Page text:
Monday, 17 December 2018

Greek mythology and spartan kicks

Assassin's Creed Odyssey

Platform tested: Xbox One X
Released: 2018

Review: Last years Assassin's Creed Origins marked a sort of reboot for the series. Brand new engine, new gameplay and a distinctly different approach to the AC formula; while retaining the much loved style of the series. Although the story of Origins was a let down for me, I really appreciated the huge open world and fantastic gameplay overhaul, especially the combat and stealth mechanics felt like proper realtime combat and less scripted. Odyssey builds upon Origins fantastic fundamentals, but offers a far stronger story and narrative. In fact, it wanders off so far into RPG territory I'd wager to say it's a full fledged action RPG game.

So we move from Origins' ancient Egypt, to Odyssey's ancient Greece. From pharaohs, Cleopatra and deserts to Spartans, philosophers and lushly vegetated islands. Odyssey is a sequel that learns what needs to kept and what needs to be fixed for further enhancing a great series to an even greater form. Lets take a a closer look at what this Odyssey has to offer other than amazing Spartan kicks!

The story is about a pair of Spartan siblings, Alexios and Kassandra, growing up in Sparta their terrible fate is sealed when one of them is forced to be sacrificed at a worshipping ritual. Intervening the certain death of the other sibling, both are thrown off a cliff to seemingly death. The player chooses which one of the siblings you wish to play. It's a great way to let you finally play a full game as either a man or a woman. It also opens up for a different approach if you choose to replay the game.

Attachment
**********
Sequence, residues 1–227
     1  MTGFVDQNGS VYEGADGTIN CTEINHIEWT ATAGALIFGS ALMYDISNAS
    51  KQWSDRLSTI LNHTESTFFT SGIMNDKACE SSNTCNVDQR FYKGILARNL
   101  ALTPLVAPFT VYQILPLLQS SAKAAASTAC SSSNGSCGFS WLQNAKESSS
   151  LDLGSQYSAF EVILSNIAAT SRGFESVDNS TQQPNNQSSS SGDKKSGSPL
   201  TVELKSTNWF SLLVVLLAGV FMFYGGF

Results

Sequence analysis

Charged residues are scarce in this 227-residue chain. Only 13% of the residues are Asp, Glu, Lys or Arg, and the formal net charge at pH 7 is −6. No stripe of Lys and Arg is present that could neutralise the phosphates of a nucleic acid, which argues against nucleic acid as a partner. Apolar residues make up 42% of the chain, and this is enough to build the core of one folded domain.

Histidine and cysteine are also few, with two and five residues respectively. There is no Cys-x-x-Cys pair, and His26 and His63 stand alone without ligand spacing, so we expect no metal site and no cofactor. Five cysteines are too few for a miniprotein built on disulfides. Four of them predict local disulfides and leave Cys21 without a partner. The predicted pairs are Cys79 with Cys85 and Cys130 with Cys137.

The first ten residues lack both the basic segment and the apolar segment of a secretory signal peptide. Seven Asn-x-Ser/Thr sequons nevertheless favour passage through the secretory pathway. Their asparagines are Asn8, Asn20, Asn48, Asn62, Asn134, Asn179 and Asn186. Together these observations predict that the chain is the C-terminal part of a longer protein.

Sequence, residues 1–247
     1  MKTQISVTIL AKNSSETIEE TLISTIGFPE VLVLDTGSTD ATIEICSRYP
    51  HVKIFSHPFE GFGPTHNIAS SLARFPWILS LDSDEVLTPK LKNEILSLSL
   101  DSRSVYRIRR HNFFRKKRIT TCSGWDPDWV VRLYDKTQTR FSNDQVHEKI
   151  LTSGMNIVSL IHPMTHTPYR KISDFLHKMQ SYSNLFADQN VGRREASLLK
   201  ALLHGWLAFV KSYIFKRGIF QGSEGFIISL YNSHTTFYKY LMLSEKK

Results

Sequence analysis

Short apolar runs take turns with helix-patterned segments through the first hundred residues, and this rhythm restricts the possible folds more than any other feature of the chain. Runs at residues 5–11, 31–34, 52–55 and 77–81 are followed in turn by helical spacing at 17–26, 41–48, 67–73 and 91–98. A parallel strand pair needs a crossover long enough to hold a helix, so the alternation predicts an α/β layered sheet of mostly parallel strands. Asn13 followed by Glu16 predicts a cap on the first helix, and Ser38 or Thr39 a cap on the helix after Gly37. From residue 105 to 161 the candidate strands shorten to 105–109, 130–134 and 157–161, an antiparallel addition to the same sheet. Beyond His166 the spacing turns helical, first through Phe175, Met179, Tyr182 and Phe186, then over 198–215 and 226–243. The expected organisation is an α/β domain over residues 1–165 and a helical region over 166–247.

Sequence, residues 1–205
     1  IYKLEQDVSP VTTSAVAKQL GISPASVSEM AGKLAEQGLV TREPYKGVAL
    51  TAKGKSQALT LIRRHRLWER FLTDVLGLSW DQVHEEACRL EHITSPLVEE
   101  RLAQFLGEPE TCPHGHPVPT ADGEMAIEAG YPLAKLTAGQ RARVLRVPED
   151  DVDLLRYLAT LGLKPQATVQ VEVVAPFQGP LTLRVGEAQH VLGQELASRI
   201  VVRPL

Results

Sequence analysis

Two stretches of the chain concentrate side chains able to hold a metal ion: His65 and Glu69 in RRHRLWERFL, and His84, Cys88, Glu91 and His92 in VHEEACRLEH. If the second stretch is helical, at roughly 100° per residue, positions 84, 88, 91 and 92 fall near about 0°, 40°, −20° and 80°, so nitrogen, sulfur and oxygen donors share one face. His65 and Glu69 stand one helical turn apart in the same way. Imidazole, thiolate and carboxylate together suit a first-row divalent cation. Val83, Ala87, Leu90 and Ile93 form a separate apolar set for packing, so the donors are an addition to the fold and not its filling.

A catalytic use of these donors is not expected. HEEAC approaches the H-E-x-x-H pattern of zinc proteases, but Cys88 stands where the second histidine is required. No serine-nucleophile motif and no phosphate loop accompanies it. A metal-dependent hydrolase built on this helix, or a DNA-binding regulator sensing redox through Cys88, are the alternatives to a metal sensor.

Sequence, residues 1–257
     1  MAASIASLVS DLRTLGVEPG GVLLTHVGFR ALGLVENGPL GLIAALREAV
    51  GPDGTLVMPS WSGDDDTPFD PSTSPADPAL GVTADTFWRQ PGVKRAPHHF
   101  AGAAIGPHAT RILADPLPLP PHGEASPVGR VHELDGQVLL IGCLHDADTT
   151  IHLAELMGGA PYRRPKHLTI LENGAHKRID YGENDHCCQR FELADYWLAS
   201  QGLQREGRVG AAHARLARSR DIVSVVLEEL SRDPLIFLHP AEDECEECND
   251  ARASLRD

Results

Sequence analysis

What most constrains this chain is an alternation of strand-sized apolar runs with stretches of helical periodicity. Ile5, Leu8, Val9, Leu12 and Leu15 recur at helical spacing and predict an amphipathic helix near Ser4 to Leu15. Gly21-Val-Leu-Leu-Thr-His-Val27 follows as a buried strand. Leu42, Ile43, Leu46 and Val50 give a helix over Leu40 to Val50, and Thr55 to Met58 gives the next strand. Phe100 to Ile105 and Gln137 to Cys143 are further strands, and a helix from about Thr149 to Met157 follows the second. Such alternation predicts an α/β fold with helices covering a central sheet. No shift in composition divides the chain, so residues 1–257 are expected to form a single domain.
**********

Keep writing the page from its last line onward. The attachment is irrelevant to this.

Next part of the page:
This time around the storyline is much stronger focused on the sibling you choose and doesn't wander off into a huge mainline plot that puts your character on the sideline. It's all about either Alexios and Kassandra, and there are consequences and various ways key plotline scenes can be changed depending on your dialogue choices that are new to the game. Granted they aren't always that groundbreaking choices or mood changing, but it further grounds the impression that AC is becoming, and in much respect, has become a RPG game.

Although storyline starts fairly locally on a small  but manageable island, guess what your sibling of choice survived the fall in the intro, believe me; what your think is the main quest, really changes up and expands into something huge around 10-12 hours in. Your family storline is one thing, but there's a mercenary, a cultist and a artefact storyline of mythology to take care of too! We're talking a game that easily can reach 100 hours of gameplay time, and double that if you wish to complete absolutely everything.

The previous instalment introduced character leveling and enemies that are at numbered leves and can't be defeated unless yo are fairly equal, same went with weaponry. Odyssey retains all this adding further with weapon engraving abilities and an expanded ability tree for characters skills to tailor your character towards the playstyle you prefer. There are now three main branches; hunter aims towards using your bow, assassin for stealthy upgrades and warrior for the hands-on sword and axe fighting. There's a bunch of more specific action moves to use for each ability class too, which again you must choose to map to your action buttons. My favourite being a good old Spartan kick! In a recent patch the game even lets you transmog your outfit, making it possible to take the stats from one type of armour but retaining the visual look of another.

Odyssey also takes a new approach to it's map. Right at the beginning of the game you are offered to play the game in two ways; either the classic AC map where synchronise points will litter you map with anything nearby. Or with the new, and recommended way by the game itself, which makes you discover everything yourself by walking there. The latter helps keep the map at bay without overwhelming the player. Exploring is highly rewarding too; with secret caves, tombs and enemy camps to discover. Discovering places and completing them will in turn reward you with XP towards leveling. At times I felt like I was playing a free roaming Tomb Raider game with Kassandra taking the role of Lara, hair braided and all. I was exploring the incredibly detailed scenery, constantly looking for new places to discover, a fantastic feeling